I received a free copy of this book from Penguin First To Read.

I had never heard of the Nutter brothers, but the blurb sounded like an interesting way to view a time in history with a particular subculture. It did not disappoint. Tommy and David Nutter were born to working class family around the end of the war. They both somehow become stars in the orbit of celebrities with Tommy being a Saville Row tailor who dressed Elton John and the Beatles and many others and David being the man who photo
Aaron Shulman
Aug 12, 2019 rated it it was amazing
I inhaled this book. Written with a brisk and elegant style, the story of the Nutter brothers covers so much ground in such a personal way, compelling way, offering a history of gay life in New York and London, inside looks at the Beatles and Elton John, among many other things, and of course the world of tailoring, which I knew nothing about but loved. And the end gutted me.
Jan 15, 2019 rated it liked it
Very well written and entertaining. I knew nothing of Tommy and David Nutter before reading this, but found it a thoroughly fascinating insight into the world of fashion and entertainment in the 1960s and 70s. Highly recommended.
Sep 18, 2018 rated it it was amazing
House of Nutter is an astonishing, well-told story of the fabulous Nutter Brothers. Tommy a bespoke tailor/fashion designer and then older brother, David, an entertainment photographer who worked with and hobnobbed with Jagger, Elton and Lennon (only a single name required). Both brothers were British, gay and charismatic and the book is filled with fascinating stories about these talented brothers.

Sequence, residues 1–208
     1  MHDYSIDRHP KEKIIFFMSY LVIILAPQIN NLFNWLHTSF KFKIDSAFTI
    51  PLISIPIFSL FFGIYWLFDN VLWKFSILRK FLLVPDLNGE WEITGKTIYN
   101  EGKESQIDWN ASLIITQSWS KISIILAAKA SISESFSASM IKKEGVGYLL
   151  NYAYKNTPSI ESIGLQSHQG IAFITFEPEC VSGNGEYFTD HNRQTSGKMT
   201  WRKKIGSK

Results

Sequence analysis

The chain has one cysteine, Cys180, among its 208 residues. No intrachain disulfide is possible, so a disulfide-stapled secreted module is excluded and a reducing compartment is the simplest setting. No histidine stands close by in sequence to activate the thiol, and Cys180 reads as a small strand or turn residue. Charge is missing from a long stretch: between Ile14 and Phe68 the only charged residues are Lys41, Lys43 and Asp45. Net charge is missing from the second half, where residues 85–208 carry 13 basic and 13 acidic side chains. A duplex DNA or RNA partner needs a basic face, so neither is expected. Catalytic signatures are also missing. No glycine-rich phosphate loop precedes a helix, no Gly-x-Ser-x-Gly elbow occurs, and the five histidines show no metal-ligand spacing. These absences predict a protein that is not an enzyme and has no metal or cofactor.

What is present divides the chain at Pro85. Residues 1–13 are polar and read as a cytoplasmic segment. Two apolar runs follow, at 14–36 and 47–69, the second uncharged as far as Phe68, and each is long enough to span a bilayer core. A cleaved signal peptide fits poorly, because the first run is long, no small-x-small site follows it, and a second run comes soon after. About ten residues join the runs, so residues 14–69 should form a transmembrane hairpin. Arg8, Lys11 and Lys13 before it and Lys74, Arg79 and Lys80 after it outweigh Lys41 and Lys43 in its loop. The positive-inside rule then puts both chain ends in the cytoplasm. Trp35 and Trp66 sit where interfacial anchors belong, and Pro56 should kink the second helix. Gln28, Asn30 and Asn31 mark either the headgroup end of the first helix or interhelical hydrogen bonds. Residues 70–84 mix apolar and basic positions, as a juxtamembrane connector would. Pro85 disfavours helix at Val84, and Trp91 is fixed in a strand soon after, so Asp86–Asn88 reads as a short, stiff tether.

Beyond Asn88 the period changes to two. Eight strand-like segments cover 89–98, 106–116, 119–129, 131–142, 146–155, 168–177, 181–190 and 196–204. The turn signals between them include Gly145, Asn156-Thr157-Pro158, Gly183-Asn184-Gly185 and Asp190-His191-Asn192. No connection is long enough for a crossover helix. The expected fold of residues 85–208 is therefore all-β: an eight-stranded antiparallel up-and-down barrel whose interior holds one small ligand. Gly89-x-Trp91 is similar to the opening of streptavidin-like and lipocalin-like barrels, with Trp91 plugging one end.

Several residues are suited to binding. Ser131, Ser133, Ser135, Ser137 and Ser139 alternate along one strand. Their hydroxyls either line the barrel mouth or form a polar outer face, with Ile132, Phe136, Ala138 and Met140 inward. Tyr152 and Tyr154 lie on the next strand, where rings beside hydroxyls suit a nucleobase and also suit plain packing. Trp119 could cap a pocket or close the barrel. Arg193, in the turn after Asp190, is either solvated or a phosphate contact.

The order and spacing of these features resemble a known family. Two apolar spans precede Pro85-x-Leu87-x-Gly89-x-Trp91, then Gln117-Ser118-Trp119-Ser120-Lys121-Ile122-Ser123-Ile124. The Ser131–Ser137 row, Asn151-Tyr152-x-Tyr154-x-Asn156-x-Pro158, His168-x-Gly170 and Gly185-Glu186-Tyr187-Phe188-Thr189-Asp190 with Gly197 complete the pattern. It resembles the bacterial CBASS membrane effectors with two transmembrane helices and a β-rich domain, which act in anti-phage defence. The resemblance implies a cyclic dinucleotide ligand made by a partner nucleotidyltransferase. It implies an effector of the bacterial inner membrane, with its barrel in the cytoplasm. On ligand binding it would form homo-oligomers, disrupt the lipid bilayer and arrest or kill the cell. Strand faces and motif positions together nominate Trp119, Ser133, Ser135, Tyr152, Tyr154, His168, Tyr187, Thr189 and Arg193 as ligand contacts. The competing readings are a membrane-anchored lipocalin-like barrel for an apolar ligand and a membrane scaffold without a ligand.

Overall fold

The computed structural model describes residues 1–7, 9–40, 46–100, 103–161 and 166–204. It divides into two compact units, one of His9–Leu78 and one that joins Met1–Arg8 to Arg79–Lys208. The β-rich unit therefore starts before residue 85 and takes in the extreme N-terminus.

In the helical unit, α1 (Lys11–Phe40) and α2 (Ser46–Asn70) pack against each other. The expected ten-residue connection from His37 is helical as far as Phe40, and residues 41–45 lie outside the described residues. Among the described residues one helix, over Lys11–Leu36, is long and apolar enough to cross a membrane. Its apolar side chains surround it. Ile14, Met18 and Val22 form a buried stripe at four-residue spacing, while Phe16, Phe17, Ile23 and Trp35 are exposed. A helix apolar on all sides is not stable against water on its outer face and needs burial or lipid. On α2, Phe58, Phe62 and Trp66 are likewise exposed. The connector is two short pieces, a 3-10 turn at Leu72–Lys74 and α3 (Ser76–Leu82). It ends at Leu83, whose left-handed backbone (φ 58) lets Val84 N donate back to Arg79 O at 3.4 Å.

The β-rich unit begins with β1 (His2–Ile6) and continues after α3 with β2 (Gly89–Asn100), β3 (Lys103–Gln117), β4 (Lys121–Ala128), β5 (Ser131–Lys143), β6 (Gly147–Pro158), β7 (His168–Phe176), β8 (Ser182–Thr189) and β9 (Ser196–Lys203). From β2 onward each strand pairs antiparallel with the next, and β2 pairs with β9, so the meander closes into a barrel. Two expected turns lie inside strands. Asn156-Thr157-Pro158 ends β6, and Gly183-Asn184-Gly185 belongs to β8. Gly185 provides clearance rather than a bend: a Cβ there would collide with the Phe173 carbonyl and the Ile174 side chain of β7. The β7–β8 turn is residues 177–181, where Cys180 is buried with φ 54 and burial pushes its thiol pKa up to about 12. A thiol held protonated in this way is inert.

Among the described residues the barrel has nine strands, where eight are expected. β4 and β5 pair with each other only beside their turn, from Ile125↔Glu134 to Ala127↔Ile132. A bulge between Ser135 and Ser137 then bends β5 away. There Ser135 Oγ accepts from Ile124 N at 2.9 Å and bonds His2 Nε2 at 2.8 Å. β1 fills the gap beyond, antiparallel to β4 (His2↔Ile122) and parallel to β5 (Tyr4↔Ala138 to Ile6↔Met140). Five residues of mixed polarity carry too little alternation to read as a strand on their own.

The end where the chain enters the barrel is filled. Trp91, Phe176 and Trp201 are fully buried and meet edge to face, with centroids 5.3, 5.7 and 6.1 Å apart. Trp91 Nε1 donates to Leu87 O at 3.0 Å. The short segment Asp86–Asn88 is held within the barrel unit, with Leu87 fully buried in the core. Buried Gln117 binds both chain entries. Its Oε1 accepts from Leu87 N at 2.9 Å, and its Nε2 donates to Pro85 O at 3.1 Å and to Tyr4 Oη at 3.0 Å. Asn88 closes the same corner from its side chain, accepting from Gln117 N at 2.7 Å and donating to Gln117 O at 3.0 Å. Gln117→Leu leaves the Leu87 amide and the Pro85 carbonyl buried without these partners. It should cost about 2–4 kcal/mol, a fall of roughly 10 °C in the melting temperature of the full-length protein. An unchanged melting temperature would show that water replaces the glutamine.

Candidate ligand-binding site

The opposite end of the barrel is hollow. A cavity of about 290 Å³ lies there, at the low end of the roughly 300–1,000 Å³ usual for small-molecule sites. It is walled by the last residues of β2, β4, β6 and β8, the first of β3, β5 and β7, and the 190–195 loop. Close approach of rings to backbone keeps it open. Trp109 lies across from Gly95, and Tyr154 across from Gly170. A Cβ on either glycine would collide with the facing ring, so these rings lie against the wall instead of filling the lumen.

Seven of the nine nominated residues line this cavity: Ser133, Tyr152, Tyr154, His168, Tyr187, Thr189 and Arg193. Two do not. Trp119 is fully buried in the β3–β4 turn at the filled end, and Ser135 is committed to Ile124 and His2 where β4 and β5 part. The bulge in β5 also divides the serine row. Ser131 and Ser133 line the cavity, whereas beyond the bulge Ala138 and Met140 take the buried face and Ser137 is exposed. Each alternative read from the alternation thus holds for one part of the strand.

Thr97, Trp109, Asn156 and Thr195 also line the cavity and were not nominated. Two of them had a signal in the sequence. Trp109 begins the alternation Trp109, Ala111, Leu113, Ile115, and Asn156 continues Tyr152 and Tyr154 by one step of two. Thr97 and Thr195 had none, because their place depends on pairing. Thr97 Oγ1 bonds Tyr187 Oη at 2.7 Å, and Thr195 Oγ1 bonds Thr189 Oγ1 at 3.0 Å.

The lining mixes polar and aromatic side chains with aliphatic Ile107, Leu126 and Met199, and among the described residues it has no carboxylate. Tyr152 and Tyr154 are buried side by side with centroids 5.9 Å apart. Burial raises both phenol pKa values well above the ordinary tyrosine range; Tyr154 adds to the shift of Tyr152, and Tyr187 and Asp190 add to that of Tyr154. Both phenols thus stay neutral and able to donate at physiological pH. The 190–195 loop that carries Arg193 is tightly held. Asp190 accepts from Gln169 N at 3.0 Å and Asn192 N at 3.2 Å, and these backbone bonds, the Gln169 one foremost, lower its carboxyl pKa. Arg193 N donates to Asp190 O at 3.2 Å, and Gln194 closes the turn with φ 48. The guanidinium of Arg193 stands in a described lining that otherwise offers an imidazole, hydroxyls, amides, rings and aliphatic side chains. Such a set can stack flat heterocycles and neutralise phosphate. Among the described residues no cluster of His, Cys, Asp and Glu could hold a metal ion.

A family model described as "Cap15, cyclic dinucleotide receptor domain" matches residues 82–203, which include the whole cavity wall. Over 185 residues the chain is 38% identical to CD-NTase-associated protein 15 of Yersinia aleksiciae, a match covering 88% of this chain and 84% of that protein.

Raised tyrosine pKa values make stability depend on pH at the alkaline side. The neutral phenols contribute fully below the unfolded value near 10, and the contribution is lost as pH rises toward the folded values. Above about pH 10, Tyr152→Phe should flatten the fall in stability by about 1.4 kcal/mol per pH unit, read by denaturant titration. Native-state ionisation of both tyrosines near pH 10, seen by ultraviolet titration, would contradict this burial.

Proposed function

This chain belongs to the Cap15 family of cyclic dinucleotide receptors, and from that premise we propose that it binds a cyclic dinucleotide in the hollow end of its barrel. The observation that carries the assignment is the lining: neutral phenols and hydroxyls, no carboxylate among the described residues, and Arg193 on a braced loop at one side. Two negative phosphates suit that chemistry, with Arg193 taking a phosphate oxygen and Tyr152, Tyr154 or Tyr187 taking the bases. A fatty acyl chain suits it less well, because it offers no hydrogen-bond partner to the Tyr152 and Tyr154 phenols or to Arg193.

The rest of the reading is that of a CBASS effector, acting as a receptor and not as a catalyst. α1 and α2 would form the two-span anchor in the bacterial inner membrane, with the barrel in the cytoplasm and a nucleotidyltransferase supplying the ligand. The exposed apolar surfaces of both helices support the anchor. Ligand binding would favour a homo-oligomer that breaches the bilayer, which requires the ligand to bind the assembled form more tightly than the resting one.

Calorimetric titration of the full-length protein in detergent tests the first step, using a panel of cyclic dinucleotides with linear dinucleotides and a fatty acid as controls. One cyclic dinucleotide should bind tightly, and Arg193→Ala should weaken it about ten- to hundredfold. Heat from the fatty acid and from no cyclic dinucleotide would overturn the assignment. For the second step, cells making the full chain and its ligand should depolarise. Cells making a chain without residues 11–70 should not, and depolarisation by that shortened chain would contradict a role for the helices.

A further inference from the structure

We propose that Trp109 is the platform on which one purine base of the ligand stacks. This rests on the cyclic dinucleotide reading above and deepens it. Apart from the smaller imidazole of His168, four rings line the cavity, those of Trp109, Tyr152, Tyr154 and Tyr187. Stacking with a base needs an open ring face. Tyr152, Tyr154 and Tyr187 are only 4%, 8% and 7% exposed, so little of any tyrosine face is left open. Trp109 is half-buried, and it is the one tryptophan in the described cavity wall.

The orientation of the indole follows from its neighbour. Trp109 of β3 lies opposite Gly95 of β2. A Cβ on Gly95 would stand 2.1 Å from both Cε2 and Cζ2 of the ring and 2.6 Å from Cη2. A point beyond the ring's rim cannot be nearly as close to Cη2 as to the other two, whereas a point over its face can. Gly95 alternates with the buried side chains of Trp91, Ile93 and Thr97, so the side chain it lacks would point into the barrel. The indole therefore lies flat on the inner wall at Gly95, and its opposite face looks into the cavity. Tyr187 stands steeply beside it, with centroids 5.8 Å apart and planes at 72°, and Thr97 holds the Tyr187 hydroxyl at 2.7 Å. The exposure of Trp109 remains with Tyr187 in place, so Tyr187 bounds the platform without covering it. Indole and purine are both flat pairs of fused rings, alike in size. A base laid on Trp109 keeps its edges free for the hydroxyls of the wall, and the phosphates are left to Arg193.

The brothers were brought up in the 50’s and 60’s in Britain in a strict, conservative household w
Sophy H
Feb 20, 2021 rated it it was amazing  ·  review of another edition
This was a fascinating book about the Nutter brothers, of whom I admit I knew nothing despite their many celebrity achievements, as tailor and photographer to the stars.

Tommy and David's stories are tinged with success, despair, failure, love, loss and adversity.

A very interesting read if you're after something a little different.
Jul 07, 2018 rated it it was amazing
Shelves: reviews, biography
I am going to admit that I had no idea who Tommy Nutter was before opening this book. I quickly realized, however, that he has waved a hand over many of the most famous moments in pop culture history spanning from the 1960s to the 1990s. His brother David was equally as ubiquitous. Tommy dressed the likes of Elton John, Mick and Bianca Jagger, Yoko Ono, the Beatles, various members of royalty, and many other famous film and music stars of the time period. He designed the suits John, Paul, and Ri ...more
Tom Schulte
Jul 15, 2018 rated it really liked it
I really enjoyed this biog - really of the 2 Nutter brothers: tailor Tommy and photog David. There remarkable lives are more than the broad-shouldered bespoke suit trend Tommy started after first bringing in the altered style of an English horse riding jacket. Bother moved in orbits with Elton John as a focus and thats three of Tommy's creations on the cover of Abbey Road. Both gay men lived a colorful club life that was eclipsed by the specter of AIDS. The decades covered here feel like a gener ...more
Apr 21, 2018 rated it really liked it
Thank you NetGalley for this advanced eGalley of "House of Nutter: The Rebel Tailor of Savile Row".

On the surface, and based on its captivating cover, you'd think this was going to be a book centered around Thomas (Tommy) Nutter--one of the pioneering designers of the once ultra-conservative Savile Row.

However, it is about BOTH David and Tommy Nutter, almost in equal measure.

Both gay.

Both ahead of their time in their respective disciplines.

Tommy hoped to turn the fashion world on its head with h
Barred Owl Books
Mar 26, 2018 rated it it was amazing